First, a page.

Friday, October 10, 2014

The federal government wastes more money in one week than 99 percent of Americans make in a lifetime

The federal government wastes more money in one week than 99 percent of Americans make in a lifetime:



  • The end of Fiscal Year 2014 was last month and, as usual, federal agencies spent tens of billions of ‘leftover funds’ on frivolous, unnecessary and unwanted goods and services
  • Agencies and departments do this so they don’t see their budgets cut NEXT fiscal year
  • Critics say funds that are unspent should be returned to the Treasury, not recklessly spent
By Charles Greene

If you’re one of those people who is considered a reckless spender, don’t worry – the federal government is far better at wasting money. At the end of each fiscal year, federal agencies engage in all-out spending sprees that would make even the filthy rich blush.

The fact that agencies cannot roll over their funding from one fiscal year to another leads to the annual shopping binge on September 30th. The spending sprees are also partly in response to the fear that if the funds are not completely used up by the end of the FY, the agencies in question might not receive as large a share of the taxpayer-funded pie in the next budget allocation.

Brianna Ehley of The Fiscal Times cites a few examples which serve to reveal the extent of the annual “use it or lose it” spending flurry on the part of the feds:

“Last year, the government spent about $50 billion the week before October 1, according to NPR’s Shankar Vedantam. That total included apparent impulse buys like artwork worth $562,000 for the Department of Veterans Affairs, and toner cartridges worth $144,000 for the Department of Agriculture, as noted last year by The Washington Post. It also included $178,000 worth of ‘Cubicle Furniture Rehab’ for the U.S. Coast Guard.”

And that’s just the tip of the yearly squandering iceberg. The Pentagon managed to blow $5.5 billion all on its own on the last day of the 2013 fiscal year. If you don’t find that outrageous enough, consider the fact that the Department of Defense actually sent an email memo urging employees to spend as much as possible before the deadline.

Defense Information Systems Agency (DISA) contracting and budget officers are responsible for the email, which read in part:

“It is critical in our efforts to [spend] 100% of our available resources this fiscal year. It is also imperative that your organization meets its projected spending goal for June…”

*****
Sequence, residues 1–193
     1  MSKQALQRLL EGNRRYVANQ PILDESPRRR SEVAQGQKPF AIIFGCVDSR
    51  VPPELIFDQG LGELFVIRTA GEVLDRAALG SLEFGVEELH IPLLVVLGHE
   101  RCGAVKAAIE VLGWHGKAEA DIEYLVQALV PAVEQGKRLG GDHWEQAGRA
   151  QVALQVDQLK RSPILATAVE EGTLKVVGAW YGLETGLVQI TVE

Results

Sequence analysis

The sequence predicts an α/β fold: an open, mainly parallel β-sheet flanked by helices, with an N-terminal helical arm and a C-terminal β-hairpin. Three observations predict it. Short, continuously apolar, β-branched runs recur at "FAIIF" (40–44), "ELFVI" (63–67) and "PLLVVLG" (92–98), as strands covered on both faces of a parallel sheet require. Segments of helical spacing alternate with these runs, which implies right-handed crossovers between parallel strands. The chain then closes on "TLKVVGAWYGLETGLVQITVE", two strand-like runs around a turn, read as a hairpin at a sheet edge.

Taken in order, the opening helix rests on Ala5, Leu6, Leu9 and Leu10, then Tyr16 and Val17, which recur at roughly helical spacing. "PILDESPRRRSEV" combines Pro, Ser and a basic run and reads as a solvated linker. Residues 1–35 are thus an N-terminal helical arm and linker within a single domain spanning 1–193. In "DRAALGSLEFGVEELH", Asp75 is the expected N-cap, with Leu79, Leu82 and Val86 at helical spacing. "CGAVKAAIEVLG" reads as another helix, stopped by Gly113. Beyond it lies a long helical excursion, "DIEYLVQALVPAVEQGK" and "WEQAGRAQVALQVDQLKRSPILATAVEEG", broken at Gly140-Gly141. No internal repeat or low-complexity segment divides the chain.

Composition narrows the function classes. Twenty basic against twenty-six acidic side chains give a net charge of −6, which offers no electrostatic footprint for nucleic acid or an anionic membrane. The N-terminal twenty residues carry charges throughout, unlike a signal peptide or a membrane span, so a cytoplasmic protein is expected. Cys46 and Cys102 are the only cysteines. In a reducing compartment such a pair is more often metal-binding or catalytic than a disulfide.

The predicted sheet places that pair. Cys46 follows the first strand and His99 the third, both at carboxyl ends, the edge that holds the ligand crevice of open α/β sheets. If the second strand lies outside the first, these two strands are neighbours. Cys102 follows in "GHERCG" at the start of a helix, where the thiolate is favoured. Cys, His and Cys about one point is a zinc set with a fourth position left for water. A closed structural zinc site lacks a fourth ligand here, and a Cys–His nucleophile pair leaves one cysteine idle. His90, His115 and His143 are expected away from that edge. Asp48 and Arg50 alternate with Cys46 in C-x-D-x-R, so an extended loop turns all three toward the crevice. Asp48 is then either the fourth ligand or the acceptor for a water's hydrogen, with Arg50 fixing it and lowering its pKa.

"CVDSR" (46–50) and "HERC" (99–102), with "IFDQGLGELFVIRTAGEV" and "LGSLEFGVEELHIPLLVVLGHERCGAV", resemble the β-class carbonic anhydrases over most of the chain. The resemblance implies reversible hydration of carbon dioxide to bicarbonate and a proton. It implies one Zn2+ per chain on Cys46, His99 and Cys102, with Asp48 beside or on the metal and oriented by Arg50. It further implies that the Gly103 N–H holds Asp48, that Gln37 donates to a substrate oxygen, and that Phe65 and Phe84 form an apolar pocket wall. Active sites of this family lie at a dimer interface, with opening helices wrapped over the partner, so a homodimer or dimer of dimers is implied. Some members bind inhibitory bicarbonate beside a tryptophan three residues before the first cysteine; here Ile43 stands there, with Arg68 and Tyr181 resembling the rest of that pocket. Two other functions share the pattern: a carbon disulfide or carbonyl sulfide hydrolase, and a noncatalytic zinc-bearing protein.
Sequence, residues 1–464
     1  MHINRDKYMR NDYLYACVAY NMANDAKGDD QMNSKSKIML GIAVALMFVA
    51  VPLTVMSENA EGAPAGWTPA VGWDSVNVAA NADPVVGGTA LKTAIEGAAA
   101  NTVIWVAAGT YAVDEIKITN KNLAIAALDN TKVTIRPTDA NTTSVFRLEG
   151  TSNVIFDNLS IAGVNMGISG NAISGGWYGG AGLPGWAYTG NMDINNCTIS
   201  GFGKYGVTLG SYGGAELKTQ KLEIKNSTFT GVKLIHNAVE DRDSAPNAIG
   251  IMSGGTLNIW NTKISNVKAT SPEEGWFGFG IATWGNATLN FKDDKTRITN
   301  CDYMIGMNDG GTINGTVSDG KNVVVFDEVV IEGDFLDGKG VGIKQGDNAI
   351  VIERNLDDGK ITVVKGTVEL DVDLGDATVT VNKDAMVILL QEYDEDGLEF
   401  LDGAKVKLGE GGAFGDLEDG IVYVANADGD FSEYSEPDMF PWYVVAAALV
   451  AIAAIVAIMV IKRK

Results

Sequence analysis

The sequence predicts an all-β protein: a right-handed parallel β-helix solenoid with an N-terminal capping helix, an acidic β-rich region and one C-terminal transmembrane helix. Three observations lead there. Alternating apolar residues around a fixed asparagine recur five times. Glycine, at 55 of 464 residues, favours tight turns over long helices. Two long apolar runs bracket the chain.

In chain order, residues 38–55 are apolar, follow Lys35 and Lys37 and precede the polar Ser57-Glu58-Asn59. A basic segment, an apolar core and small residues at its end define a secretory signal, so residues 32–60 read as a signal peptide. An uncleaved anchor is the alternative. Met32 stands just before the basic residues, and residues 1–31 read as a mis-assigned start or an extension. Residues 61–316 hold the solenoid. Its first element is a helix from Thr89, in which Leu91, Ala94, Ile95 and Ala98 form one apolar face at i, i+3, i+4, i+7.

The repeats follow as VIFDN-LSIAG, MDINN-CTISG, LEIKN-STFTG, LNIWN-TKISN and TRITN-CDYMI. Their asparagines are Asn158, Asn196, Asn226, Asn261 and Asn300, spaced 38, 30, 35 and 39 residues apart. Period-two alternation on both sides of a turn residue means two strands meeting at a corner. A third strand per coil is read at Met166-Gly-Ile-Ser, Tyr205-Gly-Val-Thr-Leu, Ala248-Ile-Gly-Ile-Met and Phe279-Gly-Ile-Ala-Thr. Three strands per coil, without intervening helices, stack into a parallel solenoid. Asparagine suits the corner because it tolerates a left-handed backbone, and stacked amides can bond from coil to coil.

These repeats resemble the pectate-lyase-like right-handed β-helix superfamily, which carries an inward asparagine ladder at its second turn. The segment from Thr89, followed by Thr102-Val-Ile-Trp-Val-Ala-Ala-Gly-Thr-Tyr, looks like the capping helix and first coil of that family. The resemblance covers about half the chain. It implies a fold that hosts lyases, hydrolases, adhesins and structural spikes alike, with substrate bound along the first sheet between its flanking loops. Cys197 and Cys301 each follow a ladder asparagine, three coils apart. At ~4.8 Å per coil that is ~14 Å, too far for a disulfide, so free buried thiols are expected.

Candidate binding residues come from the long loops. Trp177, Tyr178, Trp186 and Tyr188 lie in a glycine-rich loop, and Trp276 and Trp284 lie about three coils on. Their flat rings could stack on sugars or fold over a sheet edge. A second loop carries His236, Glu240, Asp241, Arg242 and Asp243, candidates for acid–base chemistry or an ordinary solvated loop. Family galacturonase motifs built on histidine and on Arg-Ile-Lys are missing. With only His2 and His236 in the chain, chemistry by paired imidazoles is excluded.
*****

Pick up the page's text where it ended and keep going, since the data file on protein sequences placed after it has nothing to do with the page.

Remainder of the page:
Never mind that the email seems to be in direct contradiction of a 2012 memo from Pentagon undersecretary for acquisition Frank Kendall, and comptroller Robert Hale, who wrote:

“The threat that funding will be taken away or that future budgets can be reduced unless funds are obligated on schedule is a strong and perverse motivator.”

The 2012 memo clearly addressed the issue, saying that the agency should avoid “spending money primarily to avoid reductions in future budget years.” But somehow that memo seems to have fallen on deaf ears. And of course, who doesn’t love a good spending spree, especially if someone else is picking up the tab?



Kendall and Hale also noted that:

“…we risk creating incentives to enter into quick but poor business deals…”

That’s an aspect of the yearly federal shop-til-you-drop practices that were explored in a study referred to by Ehley in the Fiscal Times piece:

An analysis by Harvard’s Jeffrey Liebman and the University of Chicago’s Neale Mahoney using data from 2004 to 2009 found that 8.7 percent of total federal spending occurs in the last week of the fiscal year.

Since the government spends so much money in such a short amount of time, some people have concerns that hasty purchases could result in problems down the road – like poor product selection.

The same researchers tried to answer that question by reviewing contract performances from nearly 700 major federal information technology projects worth a total of $130 billion. After examining them, they concluded that projects awarded in the last week of the fiscal year were 2.2 to 5.6 times more likely to be of lower quality, according to the analysis.”

This illustrates the fact that not only are the agencies blowing huge wads of taxpayers’ cash at the end of the year, they are doing it in a particularly reckless manner.

The not-surprising conclusion reached by Liebman and Mahoney (among other budget reform advocates) is that agencies should be allowed to roll over their unspent budget dollars into the next fiscal year. But perhaps this easy and obvious solution is beyond the grasp of Congress and others in charge of creating budget policy.

And besides, who would have the heart to spoil the fun of an annual squandering orgy on the part of our federal agency employees, right? After all, it’s only money – your money.

What are YOUR thoughts on rampant end-of-budget-year spending for often trivial and unnecessary things by federal agencies and the military? What do you think these agencies should do with their extra money? What kind of a system rewards people who waste taxpayer funds? TELL US!

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